First Year Composition (FYC)

First Year Composition courses prepare students to meet communications challenges across the curriculum by guiding their practice of multiform, recursive processes of reading, writing, thinking, and speaking. By embedding this practice within challenging, relevant scholarly materials that represent multiple disciplinary perspectives, FYC encourages students to see themselves as what the Harvard scholar Nancy Sommers calls “apprentice scholars,” students whose close partnerships with faculty enable them to author increasingly substantive contributions to vital academic and professional conversations.

In FYC at West Point, a culture of writing and active learning is pervasive. Cadets craft academic papers of varying lengths and purposes, including a multi-source research essay, and they learn to adapt their composing process to diverse modes, technologies, and audiences. Scaffolded writing assignments require cadets to develop and revise their work in response to detailed, original feedback from teachers as well as peers. The writing cadets do outside of class is supported in the classroom: faculty offer explicit instruction on key elements of academic and argumentative writing, and cadets regularly conduct prewriting activities and other writing-to-learn exercises. FYC courses frequently facilitate peer workshopping and critique, and require multiple individual or small group conferences with instructors. Ultimately, FYC courses do much more than simply assign a lot of writing: they fully explore the writing process and make the guided practice of writing central to the course itself.

Currently, EN101: Composition and EN151: Advanced Composition are the only courses that fulfill the FYC requirement for all cadets. Taught by the Department of English and Philosophy, topic-based sections of EN101/151 challenge all cadets to grow as thoughtful collegiate writers who are capable of contributing intelligently and responsibly to complex conversations in a variety of compositional modes and rhetorical situations. Such skills are necessary not only for further academic success and professional success as an Army officer but also for informed citizenship.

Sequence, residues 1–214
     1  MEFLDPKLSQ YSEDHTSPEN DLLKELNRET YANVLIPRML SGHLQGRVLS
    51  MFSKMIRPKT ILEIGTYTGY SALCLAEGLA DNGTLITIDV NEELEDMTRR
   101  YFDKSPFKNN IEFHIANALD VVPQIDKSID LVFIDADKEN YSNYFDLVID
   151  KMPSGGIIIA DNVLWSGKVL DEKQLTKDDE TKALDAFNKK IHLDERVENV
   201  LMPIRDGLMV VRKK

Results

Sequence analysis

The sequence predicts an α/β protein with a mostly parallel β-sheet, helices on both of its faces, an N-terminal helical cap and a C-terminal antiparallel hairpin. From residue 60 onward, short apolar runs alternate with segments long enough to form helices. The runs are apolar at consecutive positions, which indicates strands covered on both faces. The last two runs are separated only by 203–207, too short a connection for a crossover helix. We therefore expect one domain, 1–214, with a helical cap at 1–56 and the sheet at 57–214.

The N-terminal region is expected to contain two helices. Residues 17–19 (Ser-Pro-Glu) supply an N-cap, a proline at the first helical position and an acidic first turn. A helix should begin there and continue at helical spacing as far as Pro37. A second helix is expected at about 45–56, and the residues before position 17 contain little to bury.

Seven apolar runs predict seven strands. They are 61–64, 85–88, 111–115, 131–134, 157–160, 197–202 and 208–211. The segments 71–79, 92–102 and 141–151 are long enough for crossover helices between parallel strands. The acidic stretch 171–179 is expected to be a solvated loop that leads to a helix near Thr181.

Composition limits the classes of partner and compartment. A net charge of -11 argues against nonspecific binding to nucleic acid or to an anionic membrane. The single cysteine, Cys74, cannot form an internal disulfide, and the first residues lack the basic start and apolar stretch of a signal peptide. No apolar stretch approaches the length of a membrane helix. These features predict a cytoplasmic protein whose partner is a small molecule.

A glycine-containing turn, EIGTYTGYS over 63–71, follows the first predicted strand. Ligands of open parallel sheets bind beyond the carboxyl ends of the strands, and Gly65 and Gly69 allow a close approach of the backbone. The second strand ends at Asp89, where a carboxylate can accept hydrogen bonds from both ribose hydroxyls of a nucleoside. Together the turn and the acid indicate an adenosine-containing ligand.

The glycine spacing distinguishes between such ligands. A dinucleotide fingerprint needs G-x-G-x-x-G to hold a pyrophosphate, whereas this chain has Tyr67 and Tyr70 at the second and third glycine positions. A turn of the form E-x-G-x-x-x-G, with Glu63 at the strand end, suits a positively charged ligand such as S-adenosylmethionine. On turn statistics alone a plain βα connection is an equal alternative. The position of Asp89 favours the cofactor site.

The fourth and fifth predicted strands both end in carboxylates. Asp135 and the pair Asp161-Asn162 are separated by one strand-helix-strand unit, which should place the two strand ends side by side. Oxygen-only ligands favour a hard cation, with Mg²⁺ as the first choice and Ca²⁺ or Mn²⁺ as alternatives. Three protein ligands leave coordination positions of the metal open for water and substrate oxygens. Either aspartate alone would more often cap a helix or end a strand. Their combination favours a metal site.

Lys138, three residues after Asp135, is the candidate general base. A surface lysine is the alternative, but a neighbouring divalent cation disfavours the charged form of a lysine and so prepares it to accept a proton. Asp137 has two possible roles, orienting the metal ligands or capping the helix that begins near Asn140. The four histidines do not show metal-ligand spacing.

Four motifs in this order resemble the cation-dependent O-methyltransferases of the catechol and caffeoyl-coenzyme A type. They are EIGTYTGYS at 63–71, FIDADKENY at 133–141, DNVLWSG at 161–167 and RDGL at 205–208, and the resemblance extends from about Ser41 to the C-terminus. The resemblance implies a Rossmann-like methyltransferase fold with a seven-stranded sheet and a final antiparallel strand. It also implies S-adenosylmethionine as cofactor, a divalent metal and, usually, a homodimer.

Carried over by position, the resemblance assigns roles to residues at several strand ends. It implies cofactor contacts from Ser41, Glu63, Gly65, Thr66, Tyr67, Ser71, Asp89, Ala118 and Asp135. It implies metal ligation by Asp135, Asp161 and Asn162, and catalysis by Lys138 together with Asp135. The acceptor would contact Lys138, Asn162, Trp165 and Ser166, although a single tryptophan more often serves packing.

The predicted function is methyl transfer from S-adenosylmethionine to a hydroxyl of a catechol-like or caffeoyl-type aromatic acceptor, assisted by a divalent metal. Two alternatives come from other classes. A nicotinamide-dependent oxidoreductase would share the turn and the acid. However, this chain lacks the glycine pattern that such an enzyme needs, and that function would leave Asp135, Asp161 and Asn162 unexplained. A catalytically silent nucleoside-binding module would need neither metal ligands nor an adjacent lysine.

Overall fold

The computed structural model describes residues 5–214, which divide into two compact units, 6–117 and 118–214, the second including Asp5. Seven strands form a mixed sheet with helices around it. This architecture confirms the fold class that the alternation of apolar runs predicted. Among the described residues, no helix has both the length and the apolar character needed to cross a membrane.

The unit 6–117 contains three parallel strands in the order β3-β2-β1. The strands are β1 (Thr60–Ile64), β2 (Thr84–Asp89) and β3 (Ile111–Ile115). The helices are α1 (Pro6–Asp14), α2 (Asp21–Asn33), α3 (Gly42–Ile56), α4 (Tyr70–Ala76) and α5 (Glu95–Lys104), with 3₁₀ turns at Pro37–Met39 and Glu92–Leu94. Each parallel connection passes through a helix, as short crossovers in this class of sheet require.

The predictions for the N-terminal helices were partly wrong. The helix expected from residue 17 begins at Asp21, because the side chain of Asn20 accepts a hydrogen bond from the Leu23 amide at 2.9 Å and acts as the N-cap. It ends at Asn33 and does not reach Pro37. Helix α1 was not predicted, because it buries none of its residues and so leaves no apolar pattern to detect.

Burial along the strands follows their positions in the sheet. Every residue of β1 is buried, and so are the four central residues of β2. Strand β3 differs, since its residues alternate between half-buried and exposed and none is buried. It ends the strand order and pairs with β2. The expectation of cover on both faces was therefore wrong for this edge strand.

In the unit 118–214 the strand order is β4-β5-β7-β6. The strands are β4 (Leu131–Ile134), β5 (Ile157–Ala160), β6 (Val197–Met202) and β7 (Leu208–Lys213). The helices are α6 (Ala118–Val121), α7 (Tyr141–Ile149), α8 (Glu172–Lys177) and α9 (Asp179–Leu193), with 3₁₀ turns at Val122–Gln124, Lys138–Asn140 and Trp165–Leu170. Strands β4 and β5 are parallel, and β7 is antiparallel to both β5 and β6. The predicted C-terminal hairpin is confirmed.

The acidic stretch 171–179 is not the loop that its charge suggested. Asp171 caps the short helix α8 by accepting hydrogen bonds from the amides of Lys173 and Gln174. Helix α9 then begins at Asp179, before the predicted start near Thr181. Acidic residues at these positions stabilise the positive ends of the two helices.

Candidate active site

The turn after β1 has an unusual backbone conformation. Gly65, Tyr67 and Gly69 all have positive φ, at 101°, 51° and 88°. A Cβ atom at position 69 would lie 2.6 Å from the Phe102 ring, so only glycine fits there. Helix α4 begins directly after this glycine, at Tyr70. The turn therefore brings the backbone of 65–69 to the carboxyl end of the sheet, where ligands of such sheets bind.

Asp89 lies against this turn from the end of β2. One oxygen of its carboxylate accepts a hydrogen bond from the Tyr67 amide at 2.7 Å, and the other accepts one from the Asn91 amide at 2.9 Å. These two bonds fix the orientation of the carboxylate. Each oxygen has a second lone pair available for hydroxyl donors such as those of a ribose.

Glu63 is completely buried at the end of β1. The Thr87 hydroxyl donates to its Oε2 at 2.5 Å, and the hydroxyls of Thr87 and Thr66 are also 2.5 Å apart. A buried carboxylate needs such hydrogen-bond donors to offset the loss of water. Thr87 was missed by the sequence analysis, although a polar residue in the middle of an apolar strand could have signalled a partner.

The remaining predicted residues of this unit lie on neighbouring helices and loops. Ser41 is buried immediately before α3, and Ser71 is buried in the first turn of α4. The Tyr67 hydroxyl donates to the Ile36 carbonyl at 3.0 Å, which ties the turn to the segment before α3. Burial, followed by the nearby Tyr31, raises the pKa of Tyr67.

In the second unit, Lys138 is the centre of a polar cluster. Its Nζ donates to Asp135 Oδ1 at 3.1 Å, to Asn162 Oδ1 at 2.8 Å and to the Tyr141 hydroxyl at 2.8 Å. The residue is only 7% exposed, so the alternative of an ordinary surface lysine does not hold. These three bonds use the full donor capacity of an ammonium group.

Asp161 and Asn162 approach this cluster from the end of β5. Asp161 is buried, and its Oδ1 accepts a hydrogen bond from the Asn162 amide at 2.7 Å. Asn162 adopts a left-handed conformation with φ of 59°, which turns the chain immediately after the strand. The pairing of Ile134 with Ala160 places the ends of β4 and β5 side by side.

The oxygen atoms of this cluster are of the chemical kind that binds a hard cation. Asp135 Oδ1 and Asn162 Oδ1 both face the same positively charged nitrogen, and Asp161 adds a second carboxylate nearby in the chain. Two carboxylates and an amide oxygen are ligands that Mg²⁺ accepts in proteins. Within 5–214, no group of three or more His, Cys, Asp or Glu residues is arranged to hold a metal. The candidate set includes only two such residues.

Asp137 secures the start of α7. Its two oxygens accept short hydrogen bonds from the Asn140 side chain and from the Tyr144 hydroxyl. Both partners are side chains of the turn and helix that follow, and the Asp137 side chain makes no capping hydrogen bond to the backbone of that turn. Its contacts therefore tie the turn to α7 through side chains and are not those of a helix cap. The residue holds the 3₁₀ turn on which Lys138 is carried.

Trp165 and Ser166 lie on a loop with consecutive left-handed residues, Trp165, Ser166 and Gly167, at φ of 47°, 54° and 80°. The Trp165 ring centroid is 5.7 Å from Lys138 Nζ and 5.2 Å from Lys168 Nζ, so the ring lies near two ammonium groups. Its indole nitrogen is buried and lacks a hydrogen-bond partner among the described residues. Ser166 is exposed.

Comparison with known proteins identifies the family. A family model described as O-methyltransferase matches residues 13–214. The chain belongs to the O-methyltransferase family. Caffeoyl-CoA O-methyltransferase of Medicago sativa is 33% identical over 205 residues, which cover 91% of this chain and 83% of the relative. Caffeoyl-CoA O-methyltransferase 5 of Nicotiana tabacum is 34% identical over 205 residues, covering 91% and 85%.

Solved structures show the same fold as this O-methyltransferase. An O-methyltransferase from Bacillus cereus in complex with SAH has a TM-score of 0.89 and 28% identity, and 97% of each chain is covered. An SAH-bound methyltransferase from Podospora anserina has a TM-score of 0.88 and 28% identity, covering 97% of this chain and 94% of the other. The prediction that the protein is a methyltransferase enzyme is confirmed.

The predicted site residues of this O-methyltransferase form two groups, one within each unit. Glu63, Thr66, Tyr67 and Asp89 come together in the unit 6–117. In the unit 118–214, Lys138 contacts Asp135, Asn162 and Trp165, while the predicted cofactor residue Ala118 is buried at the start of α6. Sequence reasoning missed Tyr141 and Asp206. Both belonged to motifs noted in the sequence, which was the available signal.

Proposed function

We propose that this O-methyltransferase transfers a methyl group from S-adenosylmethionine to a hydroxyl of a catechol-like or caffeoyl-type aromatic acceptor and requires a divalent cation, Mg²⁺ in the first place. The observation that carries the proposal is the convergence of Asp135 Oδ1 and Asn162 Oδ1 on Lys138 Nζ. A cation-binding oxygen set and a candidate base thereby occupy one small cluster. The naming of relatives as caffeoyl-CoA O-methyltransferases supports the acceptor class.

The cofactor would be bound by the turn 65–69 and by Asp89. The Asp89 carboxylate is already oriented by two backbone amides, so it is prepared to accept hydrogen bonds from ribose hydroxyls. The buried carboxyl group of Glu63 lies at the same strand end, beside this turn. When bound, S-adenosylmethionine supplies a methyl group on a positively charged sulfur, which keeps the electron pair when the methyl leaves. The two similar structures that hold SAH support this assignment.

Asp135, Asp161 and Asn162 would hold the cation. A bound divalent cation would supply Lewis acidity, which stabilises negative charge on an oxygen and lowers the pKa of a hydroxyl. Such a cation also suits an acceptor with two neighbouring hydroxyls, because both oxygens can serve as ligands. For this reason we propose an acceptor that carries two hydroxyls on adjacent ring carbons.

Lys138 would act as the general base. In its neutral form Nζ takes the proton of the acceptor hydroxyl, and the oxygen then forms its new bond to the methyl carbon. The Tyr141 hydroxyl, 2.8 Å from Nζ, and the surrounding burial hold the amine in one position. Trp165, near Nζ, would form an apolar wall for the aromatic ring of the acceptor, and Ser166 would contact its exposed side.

While most cadets complete EN101 or EN151 in their first semester, others do so in their second or third semester. Such cadets usually first complete a yearlong course sequence offered by the Department of Foreign Languages, "Academic Reading and Writing for International Cadets" (LE101 + LE102), depending on placement examinations administered in the summer before their plebe year begins.

First Year Composition (FYC) Curricular Standards

  1. Completed by all cadets, most often in the first semester. Passage of EN101 or EN151 fulfills the FYC requirement regardless of whether a cadet exhibits proficiency on the SWE.
  2. Section sizes are limited to 15; overall instructor loads are capped at 60 cadets/instructor. Small sections and manageable grading loads are essential to comprehensive implementation of the WPWP Pedagogical Model and the multiple conferences that FYC faculty are required to conduct with all cadets (CS#6, below).
  3. Syllabus includes statements that explain the importance of a) writing as a student learning outcome for the course and b) further learning resources available to cadets (including the Mounger Writing Center). Item a references USMA Academic Program Goals and is authored by the Program or Course Director, as appropriate; item b is supplied by the WPWP.
  4. Writing is an integral and essential component of classroom instruction. The WPWP Pedagogical Model is employed comprehensively (7/7 enumerated approaches). Course Directors and faculty determine how to meet the intent of these approaches and how often these approaches occur.
  5. Multiple major assignments require a recursive writing process. Graded writing assignments are distributed throughout the term to enable cadets to build rhetorical knowledge incrementally; they are designed to encourage iterative drafting and substantive revision in response to instructor and peer feedback.
  6. Faculty conduct multiple individual or small group conferences with all cadets. They respond to cadet writing with timely, detailed, and personalized feedback. The usage of rubrics devoid of comments tailored to individual writers does not constitute appropriate feedback.
  7. Cadets must individually author at least 5,000 words of finished academic writing, including prepared or timed writing and writing for oral argument or presentation. Ungraded prewriting and drafting tasks, while valuable to the writing process, do not count as ‘finished’ writing.
  8. A minimum of 75% of the final course grade derives from individually-authored writing assignments. The culminating essay of the course is collected as an SWE.